Driving report: Yamaha WR 450 F

Driving report: Yamaha WR 450 F
Manufacturer

Driving report: Yamaha WR 450 F

Well-equipped sports enduro

After five years of gentle model updates, Yamaha thoroughly revised the 450cc sport enduro – with a mixture of the tried and tested five-valve engine in the chassis of the 250cc motocrosser.

For a long time, the development of the sports enduro followed Yamaha a clear hierarchy: The changes to the motocrossers were made by the WR colleagues one season later.

But while both crossers have recently been extensively overhauled, the developers have been putting the enduros in the quiet corner since the 2007 model year. To remember her again now. At least to the larger displacement of the two Yamaha sisters. Because while the quarter-liter machine continues to be built unchanged, the 450 enduro breaks the aforementioned tradition.

The Yamaha technicians modernized the five-valve single previously used in the WR 450 F with a gasoline injection and implanted the pepped up unit in the relatively delicate aluminum bridge frame of the 250cc Crosser. Nevertheless – or perhaps because of it – the mixture feels typical Yamaha at first contact. The tank-seat line is a bit flatter compared to the previous model, but the relatively low handlebars continue the ergonomic tradition of Yamaha enduros. As does the sound. Despite the competition muffler, the single-cylinder chatters remarkably quietly after pressing the electric starter, retains acoustically even in the higher speed range and, last but not least, works as smoothly as butter.

Whether slippery stones or bone-hard, dried-out ground – with the successful combination of sensitive throttle response and smooth concentricity in the lower rev range, the injection immediately makes friends and the WR 450 F delivers one thing above all, even under critical conditions: full of traction. It makes it very easy for the pilot to plow through disgusting terrain with little stress. Especially since the unit, which is 2.6 millimeters longer than the current 450 cross engine, is later dedicated to the issue of efficiency and cultivates through the speed range with well-controlled pressure. It’s not as spectacular as, for example, the performance of the lively 450 top dog KTM, but it is user-friendly and easy on the condition. Not least because the suspension set-up of the WR 450 F complements these characteristics. The cartridge fork and shock absorber from Kayaba respond with sensitivity, swallow even the smallest bumps and offer top-class comfort. Not without side effects, of course. In undulating special stages, the shock absorber in particular quickly reaches its limits and rocks. The reason: at least for fast or heavy drivers, the spring of the shock absorber turned out to be too soft and has to be pretensioned excessively. With a dynamic sag of 95 millimeters, the static sag is only 15 instead of the correct value of around 25 millimeters. A harder spring and thus a higher rear when driving would probably also help the handling of the WR on the jumps. Because it is precisely in this respect that the 450 series abandons the Yamaha tradition of the heavy-to-feel, but extraordinarily precise, front end. Despite the shorter wheelbase of the 250 mm chassis, the blue one, which weighs 119 kilograms (factory specification) with an empty tank, only bends jaggedly around narrow berms when the front wheel is consciously loaded – but remains on course all the more stable on fast terrain.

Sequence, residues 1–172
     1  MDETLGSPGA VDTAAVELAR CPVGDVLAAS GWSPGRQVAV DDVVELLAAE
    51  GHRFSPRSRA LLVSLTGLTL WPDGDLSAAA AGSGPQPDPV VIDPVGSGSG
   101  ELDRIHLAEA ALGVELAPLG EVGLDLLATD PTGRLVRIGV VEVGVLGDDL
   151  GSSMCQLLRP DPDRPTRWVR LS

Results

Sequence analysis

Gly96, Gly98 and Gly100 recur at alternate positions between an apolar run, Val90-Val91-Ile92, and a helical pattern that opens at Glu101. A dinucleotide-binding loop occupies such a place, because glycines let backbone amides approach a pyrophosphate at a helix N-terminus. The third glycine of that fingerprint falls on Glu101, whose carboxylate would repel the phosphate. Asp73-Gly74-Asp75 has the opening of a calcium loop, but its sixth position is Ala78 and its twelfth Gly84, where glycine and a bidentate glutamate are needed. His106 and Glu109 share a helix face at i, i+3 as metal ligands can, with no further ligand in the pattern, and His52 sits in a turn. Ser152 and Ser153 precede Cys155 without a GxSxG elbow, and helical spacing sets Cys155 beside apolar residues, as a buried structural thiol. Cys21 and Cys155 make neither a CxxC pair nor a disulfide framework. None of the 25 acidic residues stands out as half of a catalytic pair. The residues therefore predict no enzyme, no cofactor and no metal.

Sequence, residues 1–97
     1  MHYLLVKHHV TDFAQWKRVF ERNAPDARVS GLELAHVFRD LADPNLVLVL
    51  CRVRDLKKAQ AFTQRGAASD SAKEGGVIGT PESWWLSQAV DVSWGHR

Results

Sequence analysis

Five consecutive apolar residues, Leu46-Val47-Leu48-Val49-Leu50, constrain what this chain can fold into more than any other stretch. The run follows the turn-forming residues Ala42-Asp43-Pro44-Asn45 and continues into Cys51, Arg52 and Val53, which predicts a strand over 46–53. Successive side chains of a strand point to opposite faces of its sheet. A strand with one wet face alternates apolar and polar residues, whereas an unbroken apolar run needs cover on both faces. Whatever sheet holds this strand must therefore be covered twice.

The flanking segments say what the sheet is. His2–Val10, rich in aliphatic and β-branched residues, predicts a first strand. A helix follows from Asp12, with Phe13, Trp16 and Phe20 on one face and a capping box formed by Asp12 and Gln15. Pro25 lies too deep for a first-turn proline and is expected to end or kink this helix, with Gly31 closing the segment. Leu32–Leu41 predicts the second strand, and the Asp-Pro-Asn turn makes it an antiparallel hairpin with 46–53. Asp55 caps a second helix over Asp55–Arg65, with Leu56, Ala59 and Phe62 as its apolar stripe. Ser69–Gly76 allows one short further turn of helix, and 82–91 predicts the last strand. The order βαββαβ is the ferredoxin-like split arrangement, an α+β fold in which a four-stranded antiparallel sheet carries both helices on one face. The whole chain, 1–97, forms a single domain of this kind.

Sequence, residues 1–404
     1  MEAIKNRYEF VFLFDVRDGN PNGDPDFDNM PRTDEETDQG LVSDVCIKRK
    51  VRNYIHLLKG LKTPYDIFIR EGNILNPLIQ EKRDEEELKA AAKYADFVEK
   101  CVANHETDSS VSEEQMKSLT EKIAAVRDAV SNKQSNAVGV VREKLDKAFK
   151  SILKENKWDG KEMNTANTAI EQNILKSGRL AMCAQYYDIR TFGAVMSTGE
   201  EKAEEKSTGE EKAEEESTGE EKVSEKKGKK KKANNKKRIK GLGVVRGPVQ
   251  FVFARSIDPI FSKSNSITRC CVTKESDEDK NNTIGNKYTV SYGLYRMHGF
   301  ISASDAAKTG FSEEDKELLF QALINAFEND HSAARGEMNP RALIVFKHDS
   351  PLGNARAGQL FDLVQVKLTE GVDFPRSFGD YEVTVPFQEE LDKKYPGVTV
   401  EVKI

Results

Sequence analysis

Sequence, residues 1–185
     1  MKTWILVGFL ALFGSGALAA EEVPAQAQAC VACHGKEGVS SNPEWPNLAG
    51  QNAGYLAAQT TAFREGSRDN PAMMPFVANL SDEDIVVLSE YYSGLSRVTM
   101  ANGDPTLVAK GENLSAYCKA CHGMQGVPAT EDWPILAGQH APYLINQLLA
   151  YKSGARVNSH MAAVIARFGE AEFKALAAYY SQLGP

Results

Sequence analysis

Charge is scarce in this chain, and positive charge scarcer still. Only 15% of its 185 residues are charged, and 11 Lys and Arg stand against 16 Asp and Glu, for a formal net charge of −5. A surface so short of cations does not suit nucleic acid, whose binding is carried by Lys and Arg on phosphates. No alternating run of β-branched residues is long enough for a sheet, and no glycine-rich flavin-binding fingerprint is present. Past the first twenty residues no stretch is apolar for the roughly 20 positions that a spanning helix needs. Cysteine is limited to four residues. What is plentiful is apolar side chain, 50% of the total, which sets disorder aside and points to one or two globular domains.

Speaking of course. At 8,650 euros (plus additional costs), the price of the new WR is a good 300 euros lower than the previous model. Pleasing – as is the legendary reliability and workmanship of the WR models.

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